Directed by Chilean filmmaker Sebastián Lelio, A Fantastic Woman follows Marina (Daniela Vega), a young transgender woman living in Santiago, Chile, who works as a singer and waitress. Soon after moving in with her boyfriend, an older man named Orlando, things take a sad turn: Orlando wakes in a daze during the middle of the night and stumbles down a flight of stairs. Marina drives him to the hospital, but Orlando dies of a brain aneurysm. Upset, Marina leaves the hospital in a rush, drawing the suspicion of detectives.
5. Portrait of a Lady on Fire (2019) | Original Title: Portrait de la jeune fille en feu
Portrait of a Lady on Fire tells the story of Marianne (Noémie Merlant), a young woman commissioned to paint the wedding portrait of reluctant bride-to-be, Héloïse (Adèle Haenel). Directed by Céline Sciamma, Portrait won the Queer Palm at Cannes, becoming the first film directed by a woman to do so.
4. Saving Face (2004)
Saving Face marked Alice Wu’s directorial debut and, honestly, a filmmaker couldn’t ask for a better first outing. The rom-com focuses on Dr. Wilhelmina "Wil" Pang (Michelle Krusiec), a successful (but closeted) surgeon. Wil’s mom (Joan Chen) tries to set her up on dates with men, all the while navigating her own (frowned upon) out-of-wedlock pregnancy. Meanwhile, Wil finds herself drawn to Vivian (Lynn Chen), a woman who’s looking to embark upon a career in dance.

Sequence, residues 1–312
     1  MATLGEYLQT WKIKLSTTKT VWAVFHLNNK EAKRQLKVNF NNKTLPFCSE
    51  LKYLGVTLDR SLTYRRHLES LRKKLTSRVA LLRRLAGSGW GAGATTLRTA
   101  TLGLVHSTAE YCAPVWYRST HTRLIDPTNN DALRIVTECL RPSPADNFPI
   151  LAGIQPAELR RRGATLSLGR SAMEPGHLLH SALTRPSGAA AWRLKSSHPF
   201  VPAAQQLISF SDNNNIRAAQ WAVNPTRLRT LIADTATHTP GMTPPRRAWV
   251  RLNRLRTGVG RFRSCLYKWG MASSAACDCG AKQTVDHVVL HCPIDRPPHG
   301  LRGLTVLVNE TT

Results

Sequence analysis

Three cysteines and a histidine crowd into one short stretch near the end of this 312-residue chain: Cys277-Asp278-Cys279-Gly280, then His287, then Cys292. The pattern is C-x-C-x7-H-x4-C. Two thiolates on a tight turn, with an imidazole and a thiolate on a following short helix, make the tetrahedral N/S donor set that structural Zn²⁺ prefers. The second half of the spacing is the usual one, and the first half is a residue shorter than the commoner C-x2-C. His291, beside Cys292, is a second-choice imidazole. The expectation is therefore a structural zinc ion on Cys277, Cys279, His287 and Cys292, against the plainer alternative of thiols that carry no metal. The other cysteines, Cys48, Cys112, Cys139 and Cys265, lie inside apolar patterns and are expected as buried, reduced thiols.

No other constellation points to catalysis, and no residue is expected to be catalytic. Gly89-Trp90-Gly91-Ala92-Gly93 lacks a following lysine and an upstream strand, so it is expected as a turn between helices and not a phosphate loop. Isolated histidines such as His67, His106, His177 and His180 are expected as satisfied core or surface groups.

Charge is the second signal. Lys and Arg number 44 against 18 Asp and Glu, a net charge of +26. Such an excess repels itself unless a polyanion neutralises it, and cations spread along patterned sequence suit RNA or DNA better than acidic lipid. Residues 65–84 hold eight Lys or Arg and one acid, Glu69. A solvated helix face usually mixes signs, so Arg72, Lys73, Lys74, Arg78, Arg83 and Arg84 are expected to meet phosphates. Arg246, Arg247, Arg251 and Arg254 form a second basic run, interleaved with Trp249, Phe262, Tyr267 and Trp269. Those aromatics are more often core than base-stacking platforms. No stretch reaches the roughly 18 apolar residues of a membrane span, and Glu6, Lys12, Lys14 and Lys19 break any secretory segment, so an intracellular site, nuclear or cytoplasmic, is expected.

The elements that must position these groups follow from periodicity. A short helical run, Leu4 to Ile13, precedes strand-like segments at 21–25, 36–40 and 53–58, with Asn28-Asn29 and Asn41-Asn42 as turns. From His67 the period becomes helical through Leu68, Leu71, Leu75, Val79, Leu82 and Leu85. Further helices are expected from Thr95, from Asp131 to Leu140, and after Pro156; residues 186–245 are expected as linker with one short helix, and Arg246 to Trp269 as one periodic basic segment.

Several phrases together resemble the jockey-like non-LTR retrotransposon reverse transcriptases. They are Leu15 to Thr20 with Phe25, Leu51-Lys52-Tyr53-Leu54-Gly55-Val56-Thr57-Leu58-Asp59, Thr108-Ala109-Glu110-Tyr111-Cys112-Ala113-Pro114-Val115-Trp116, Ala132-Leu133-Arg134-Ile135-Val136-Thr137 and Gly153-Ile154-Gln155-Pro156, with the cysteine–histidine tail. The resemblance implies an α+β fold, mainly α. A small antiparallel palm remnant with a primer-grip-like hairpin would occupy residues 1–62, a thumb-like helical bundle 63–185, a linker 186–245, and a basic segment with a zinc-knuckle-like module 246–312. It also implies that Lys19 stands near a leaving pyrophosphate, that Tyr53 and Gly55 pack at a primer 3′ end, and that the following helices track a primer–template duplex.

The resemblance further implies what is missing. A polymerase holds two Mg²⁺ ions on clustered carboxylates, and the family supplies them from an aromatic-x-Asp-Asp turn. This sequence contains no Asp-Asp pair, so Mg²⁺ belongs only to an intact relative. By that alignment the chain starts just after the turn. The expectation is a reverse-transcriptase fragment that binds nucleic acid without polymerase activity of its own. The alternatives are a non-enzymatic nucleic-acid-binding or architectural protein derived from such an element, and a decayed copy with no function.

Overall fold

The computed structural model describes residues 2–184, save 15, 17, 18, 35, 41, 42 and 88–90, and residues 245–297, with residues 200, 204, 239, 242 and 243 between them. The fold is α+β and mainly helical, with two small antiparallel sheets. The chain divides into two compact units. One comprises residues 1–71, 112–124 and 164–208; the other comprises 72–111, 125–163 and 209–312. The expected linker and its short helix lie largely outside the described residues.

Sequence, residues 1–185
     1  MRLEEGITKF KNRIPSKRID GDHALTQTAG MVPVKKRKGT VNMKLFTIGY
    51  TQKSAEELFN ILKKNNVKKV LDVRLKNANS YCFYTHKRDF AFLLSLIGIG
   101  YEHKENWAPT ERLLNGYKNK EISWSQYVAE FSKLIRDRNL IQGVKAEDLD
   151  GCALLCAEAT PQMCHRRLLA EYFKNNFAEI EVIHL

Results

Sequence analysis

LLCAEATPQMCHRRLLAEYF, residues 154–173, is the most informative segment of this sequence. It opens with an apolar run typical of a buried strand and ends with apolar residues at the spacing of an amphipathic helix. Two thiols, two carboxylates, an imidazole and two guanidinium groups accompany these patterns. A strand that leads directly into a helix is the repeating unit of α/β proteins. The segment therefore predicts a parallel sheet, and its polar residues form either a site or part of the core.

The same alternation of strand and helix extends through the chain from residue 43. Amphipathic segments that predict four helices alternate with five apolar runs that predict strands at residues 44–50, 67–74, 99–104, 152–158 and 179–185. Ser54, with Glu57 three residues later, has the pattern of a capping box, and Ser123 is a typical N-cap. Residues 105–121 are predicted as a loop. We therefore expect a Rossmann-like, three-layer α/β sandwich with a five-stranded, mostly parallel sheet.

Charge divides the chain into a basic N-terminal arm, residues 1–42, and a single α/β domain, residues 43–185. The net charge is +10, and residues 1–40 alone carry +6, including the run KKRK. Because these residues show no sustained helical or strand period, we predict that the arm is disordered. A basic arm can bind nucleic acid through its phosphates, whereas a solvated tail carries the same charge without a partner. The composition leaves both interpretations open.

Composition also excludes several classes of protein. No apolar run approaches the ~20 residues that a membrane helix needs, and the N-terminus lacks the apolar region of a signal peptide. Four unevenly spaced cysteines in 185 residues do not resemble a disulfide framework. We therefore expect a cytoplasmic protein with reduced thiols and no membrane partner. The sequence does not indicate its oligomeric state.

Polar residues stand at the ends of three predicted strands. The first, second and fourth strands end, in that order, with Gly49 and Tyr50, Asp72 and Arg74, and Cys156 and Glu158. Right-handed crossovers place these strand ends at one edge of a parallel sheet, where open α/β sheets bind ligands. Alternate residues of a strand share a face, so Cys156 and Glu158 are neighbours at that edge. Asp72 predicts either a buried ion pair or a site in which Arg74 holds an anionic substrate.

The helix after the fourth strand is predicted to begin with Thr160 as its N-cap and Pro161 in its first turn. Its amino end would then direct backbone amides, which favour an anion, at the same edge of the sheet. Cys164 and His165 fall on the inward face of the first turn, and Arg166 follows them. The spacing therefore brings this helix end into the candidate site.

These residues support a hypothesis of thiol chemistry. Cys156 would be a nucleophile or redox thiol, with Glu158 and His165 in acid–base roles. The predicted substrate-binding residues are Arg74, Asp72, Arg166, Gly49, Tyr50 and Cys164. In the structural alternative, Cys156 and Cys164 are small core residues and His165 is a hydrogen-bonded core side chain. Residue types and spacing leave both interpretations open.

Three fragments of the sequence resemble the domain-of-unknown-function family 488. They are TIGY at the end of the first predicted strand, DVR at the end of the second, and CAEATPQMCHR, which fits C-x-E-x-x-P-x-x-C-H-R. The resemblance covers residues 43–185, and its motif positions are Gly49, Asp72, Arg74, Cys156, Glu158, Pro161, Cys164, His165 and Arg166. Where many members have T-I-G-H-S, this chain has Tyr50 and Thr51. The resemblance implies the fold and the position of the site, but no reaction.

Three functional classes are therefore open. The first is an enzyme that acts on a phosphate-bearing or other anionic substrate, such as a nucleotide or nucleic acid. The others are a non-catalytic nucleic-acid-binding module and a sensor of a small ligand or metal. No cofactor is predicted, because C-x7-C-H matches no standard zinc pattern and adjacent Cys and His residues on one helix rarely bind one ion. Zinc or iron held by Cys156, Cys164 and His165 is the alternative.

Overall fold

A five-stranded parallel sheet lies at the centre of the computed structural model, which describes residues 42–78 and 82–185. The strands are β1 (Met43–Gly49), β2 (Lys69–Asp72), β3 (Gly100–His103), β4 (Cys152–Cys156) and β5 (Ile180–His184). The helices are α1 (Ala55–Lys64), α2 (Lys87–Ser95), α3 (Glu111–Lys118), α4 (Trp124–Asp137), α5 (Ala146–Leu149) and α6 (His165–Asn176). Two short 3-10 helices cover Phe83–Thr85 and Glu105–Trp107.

3. Moonlight (2016)
Written and directed by Barry Jenkins, the coming-of-age drama Moonlight is based on Tarell Alvin McCraney’s unpublished play In Moonlight Black Boys Look Blue. Taking from its stage roots, Jenkins’ film is told in three parts, each representing a different stage in the main character Chiron’s (Trevante Rhodes, Ashton Sanders and Alex Hibbert) life and explores his struggles with sexuality, identity and past abuse.
2. But I’m a Cheerleader (1999)
Although it may seem like it's all camp and games, Jamie Babbit’s satirical rom-com But I’m a Cheerleader also has a lot of heart. Natasha Lyonne stars as Megan Bloomfield, a high school cheerleader whose parents send her to True Directions, a residential inpatient conversion therapy camp, to "cure" her lesbianism. While there, Megan struggles to adapt to gender roles and norms — and falls in love with the effortlessly cool Graham (Clea DuVall).
1. Pariah (2011)
Executive-produced by Spike Lee, Pariah marks acclaimed director Dee Rees’ debut feature-length film and was adapted from her award-winning 2007 short of the same name. The film stars Adepero Oduye as Alike, a 17 year old from Brooklyn who’s eager for her first sexual experience — and discovering what it means as a lesbian.